As Africa finds it increasingly challenging to educate its teeming millions, a partnership between local edupreneurs and impact investors may be key to tap the true potential of the education sector.
Africa is sorely in need of a solution to its education woes. Sample these alarming statistics from UNESCO. Of the 59 million children of primary school age who were out of school in 2013, 30 million lived in sub-Saharan Africa. No surprise then that about 38% of the region’s adults – 167 million people – still lack basic literacy skills, of which over 60% are women.
Further, the 2014 Gap report from UNAIDS notes that, in sub-Saharan Africa, approximately 80 percent of young women have not completed their secondary education, and one in three young women cannot read.
And, the links between lack of education and proliferation of poverty are as undeniable as they are intuitive. The Global Monitoring Report released by the World Bank in October 2015 projected that 347 million people are living in extreme poverty in Sub-Saharan Africa last year, while an estimated 284 million Africans lived in poverty in 1990. Even as the percentage of Africans living in poverty has decreased over time, the sheer numbers have grown.
Links between Poverty and Education
Another World Bank Report, “Poverty in a Rising Africa”, released in the same month, explores the links between poverty and education. It highlights that while total net enrollment of children in primary school expanded from just 55% in 1995 to 74% by 2012, an alarmingly low level of learning proliferated. Sample this: Adult literacy rates across Africa increased by only 4% between 1995 and 2012, compared to 17% in South Asia.
The report goes on to note, “Promoting women’s education can be game-changing for Africa, since investing in it significantly improves not only their own life chances but also those of their children.”
This makes it amply clear that education not only impacts poverty but also related aspects such as health and mortality, making the repercussions of lack of education painful indeed for a teeming population.
Bringing Edupreneurs Together
Against this sobering backdrop, I recently sat through a brainstorming session in vibrant Nairobi where edupreneurs from across Kenya had gathered for a networking event convened by my organisation, GroFin. Most entrepreneurs who came for the event are running schools either in the heart of Nairobi, its immediate suburbs, or upcoming environs such as Nakuru, targeting the emerging middle class who are trying to ensure affordable yet aspirational education for their children.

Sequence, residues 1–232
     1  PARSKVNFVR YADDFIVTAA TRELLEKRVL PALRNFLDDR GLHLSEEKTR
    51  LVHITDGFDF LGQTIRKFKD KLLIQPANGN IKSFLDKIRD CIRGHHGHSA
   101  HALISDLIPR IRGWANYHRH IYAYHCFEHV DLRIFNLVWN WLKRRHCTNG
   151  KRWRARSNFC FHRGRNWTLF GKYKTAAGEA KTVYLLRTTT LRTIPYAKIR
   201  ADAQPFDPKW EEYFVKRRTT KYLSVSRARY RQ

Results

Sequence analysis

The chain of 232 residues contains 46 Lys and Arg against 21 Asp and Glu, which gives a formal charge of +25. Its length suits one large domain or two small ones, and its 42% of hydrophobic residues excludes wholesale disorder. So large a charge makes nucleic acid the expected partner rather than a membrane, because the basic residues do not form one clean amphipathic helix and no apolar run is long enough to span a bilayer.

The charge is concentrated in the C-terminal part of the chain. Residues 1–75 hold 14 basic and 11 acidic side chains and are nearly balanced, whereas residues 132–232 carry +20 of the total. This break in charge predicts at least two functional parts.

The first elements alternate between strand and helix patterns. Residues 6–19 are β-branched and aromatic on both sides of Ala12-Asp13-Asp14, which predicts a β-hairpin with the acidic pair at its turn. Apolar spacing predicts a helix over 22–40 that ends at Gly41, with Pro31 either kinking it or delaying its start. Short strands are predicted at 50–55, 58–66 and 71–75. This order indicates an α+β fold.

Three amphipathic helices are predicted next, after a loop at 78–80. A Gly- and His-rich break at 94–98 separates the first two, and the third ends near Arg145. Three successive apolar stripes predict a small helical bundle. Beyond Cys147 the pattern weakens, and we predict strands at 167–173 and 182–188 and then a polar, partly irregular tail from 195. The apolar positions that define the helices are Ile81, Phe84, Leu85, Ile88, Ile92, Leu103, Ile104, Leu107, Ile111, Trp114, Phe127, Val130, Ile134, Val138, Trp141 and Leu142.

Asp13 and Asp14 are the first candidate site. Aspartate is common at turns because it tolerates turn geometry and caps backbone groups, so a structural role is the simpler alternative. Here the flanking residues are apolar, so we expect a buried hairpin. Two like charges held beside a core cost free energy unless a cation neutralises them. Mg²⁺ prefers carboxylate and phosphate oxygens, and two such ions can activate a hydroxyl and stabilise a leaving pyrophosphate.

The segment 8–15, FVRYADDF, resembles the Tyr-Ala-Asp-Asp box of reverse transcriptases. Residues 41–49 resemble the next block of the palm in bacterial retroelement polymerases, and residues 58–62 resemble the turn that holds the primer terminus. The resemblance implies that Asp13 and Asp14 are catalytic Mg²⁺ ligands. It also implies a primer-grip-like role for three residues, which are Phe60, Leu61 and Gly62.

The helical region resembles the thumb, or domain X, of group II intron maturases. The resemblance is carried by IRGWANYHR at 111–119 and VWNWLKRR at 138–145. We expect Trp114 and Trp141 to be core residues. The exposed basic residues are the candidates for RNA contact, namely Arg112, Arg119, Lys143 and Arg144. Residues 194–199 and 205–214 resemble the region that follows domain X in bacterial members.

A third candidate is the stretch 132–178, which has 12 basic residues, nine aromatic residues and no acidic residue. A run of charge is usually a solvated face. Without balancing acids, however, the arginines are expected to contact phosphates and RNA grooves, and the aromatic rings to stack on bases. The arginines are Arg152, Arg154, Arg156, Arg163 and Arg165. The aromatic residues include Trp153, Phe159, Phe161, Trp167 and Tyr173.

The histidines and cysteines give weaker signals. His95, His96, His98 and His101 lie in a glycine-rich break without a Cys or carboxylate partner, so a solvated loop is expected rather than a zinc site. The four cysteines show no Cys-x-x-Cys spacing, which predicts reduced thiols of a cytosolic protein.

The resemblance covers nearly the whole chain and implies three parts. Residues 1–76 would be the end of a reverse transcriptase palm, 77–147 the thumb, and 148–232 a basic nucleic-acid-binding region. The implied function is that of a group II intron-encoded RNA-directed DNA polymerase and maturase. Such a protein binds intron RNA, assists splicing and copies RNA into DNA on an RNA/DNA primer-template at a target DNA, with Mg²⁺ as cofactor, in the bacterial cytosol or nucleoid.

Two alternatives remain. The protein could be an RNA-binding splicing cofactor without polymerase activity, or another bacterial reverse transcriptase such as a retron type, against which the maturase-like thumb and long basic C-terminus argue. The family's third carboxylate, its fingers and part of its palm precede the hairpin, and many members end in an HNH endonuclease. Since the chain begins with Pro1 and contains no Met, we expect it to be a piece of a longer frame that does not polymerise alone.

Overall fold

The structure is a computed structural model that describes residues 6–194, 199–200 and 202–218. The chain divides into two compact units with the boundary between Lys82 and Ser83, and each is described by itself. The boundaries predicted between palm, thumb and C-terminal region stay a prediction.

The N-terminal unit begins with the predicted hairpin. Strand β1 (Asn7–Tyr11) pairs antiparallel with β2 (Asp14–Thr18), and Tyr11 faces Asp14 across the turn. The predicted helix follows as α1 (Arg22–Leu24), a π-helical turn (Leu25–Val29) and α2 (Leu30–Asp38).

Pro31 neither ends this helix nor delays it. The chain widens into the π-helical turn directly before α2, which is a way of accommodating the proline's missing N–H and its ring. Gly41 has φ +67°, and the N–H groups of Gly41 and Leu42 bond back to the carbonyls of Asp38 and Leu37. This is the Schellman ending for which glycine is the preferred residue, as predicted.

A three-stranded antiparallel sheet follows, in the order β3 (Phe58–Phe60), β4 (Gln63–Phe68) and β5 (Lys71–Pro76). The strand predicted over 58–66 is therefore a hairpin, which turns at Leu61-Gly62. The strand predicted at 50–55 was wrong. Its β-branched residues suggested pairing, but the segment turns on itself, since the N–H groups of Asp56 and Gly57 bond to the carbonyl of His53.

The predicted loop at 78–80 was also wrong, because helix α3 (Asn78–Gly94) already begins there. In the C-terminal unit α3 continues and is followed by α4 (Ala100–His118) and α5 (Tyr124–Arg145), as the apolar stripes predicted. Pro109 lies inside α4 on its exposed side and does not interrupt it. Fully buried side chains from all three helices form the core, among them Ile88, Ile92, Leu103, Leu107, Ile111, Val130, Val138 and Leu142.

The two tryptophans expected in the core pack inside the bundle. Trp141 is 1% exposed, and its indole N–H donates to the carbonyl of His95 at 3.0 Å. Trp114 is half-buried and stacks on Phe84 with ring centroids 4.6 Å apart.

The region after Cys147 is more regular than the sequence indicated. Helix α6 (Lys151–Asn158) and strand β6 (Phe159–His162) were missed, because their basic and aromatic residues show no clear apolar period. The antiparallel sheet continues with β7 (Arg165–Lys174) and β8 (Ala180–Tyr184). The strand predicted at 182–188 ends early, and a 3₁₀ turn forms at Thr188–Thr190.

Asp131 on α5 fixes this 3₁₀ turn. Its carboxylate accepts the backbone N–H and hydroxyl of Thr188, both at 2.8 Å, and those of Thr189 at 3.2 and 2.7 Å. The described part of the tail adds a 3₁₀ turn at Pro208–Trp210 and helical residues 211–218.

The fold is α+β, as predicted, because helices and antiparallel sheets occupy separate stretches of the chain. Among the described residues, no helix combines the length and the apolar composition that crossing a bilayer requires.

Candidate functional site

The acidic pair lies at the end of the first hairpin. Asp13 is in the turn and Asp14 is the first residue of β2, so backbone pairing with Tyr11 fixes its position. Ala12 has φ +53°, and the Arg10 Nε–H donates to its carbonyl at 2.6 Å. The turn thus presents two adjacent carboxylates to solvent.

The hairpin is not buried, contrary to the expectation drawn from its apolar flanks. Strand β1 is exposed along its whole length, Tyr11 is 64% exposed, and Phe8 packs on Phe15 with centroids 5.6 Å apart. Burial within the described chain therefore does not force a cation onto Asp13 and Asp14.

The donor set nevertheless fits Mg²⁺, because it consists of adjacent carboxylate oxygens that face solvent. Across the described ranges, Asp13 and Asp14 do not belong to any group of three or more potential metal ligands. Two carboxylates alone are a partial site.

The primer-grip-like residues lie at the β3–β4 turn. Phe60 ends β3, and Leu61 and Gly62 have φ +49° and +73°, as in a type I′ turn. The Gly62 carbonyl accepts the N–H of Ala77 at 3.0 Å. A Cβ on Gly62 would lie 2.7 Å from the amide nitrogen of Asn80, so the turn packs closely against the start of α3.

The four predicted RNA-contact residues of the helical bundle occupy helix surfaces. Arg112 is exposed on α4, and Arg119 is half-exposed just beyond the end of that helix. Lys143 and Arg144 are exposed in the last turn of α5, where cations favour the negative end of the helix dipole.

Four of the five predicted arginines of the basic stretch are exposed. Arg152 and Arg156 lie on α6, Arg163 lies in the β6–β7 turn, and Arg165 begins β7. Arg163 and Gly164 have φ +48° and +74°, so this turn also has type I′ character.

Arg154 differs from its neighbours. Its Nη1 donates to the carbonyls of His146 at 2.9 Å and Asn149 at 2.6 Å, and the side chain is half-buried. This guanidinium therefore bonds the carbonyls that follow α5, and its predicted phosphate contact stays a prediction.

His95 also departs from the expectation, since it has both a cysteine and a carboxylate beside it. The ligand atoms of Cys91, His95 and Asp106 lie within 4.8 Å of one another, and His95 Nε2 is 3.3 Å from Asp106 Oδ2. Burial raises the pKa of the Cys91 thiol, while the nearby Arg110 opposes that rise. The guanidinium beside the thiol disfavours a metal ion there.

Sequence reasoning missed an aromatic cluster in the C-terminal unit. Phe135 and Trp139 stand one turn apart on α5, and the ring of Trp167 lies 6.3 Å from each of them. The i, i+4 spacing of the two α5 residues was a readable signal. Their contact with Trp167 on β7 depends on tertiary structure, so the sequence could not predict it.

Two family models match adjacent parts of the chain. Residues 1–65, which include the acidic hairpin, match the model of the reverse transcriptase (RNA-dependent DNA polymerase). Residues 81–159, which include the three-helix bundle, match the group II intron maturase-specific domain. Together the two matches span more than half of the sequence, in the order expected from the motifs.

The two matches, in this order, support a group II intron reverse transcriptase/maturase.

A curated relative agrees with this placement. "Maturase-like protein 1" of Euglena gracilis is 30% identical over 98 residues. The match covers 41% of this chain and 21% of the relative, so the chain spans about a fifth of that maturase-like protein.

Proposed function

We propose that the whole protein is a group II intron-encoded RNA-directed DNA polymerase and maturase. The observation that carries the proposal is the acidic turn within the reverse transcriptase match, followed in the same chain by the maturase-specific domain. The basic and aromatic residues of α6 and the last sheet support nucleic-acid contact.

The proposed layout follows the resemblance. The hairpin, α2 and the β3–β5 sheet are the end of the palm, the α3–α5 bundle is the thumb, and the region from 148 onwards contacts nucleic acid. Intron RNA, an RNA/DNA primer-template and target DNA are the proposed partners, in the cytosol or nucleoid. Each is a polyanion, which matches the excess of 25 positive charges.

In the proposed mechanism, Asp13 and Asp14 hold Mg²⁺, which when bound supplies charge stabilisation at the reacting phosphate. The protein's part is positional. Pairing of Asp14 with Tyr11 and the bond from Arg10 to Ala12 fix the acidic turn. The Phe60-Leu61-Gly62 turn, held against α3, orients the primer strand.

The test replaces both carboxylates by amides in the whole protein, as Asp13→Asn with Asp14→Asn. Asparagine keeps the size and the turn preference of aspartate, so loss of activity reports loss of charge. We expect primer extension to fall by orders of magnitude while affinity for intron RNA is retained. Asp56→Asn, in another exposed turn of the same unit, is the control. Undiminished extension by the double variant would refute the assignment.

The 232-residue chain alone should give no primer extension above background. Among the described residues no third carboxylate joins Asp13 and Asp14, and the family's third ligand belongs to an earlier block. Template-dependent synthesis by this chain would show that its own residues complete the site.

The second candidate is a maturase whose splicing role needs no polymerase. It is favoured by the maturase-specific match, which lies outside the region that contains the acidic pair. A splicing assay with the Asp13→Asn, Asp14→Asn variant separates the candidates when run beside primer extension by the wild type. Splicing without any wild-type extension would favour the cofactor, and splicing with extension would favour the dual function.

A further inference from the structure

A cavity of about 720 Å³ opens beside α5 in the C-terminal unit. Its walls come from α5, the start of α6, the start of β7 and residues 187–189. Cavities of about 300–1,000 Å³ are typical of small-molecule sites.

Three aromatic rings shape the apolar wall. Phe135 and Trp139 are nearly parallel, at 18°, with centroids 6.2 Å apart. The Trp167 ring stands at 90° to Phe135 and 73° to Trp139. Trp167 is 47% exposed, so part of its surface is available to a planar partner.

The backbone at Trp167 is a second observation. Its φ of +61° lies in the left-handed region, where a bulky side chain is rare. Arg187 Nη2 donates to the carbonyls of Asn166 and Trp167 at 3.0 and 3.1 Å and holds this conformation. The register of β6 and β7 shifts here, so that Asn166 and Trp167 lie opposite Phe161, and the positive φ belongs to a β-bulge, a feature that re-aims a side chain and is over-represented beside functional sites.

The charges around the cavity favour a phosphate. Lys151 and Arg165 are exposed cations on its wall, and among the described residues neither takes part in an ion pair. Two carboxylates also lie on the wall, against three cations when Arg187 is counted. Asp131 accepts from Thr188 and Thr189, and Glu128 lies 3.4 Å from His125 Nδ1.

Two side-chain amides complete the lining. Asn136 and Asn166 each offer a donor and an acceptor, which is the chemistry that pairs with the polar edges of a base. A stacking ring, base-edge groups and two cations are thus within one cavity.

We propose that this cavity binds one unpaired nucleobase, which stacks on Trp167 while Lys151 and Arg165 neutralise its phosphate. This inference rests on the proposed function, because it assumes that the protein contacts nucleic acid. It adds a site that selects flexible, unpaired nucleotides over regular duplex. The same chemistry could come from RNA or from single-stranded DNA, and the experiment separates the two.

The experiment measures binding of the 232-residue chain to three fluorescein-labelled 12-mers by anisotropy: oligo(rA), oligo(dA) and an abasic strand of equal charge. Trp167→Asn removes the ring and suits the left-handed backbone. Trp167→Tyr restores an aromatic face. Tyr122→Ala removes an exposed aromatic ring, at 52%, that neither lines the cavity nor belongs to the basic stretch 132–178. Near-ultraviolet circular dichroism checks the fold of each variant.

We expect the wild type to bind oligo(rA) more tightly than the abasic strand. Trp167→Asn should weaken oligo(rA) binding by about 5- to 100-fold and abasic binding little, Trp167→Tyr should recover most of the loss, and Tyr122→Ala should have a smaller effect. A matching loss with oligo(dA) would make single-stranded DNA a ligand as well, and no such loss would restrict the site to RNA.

Understanding the Issues
As the edupreneurs voiced their concerns, it became clear that it wasn’t easy for most to access finance, as the infrastructure needs of schools make them a bigger challenge for financiers, who may not see returns on their investment for a longer gestation period than other, less capital intensive sectors, such as retail, for instance.
Another issue that emerged almost across the board was the lack of expert advice and support as these edupreneurs routinely negotiate a veritable landmine of land regulations covering long-term leases for schools, clarifying the end use of land, timing the roll-over of leases and undertaking negotiations with their landlords to ensure continuity of schools on leased premises. Owning enough land outright to run a reasonably sized school is after all quite outside the realm of possibility for most small-sized entrepreneurs, who must then also possess enough capital to develop the land and maintain the sprawling infrastructure.
The lease model for schools is one that most start-up entrepreneurs are only too familiar with, with all its attendant challenges of relocation, landlord dependency and lease negotiation hassles. Imagine developing a plot of land as a school, with all the supporting infrastructure for sports, extracurricular activities and recreation, only to find that you have to replicate all that hard work on a totally different premises in an unfamiliar location as the lease is up and the landlord has found a better paying tenant.
Of course, some properties, such as government plots earmarked for education, as well as church properties converted for academic use, do make for surer leases than others, but all edupreneurs cannot rely on the availability of such properties in the location of their operation, where accessibility of the property and student availability in the vicinity can be overriding parameters for a successful school operation.
Recurring land rental charges and possible relocation challenges make edupreneurs dependent on their financiers for a helping hand beyond money, in an uncertain environment where financial projections may not always be realised within the expected horizon. Patient finance and value added business counselling is then the need of the hour for such fledgling schools, on the understanding that they need a partner to work with, rather than a traditional financier guided solely by profit objectives.
Impact Investment as solution for Edupreneurs
Impact investors are uniquely positioned to help start-up and growing edupreneurs, as the development goals of impact investment institutions in terms of helping build sustainable social infrastructure align closely with the overarching need of the community to have more homegrown schools that can meet their education needs in an affordable manner.
As an impact investor, GroFin has achieved much success with budding edupreneurs both in Africa and the Middle East. In addition to finance, GroFin tailors business support services to help edupreneurs with their strategic and operational pitfalls that limit growth in the education sector. The results of our efforts are clearly seen through some of our success stories: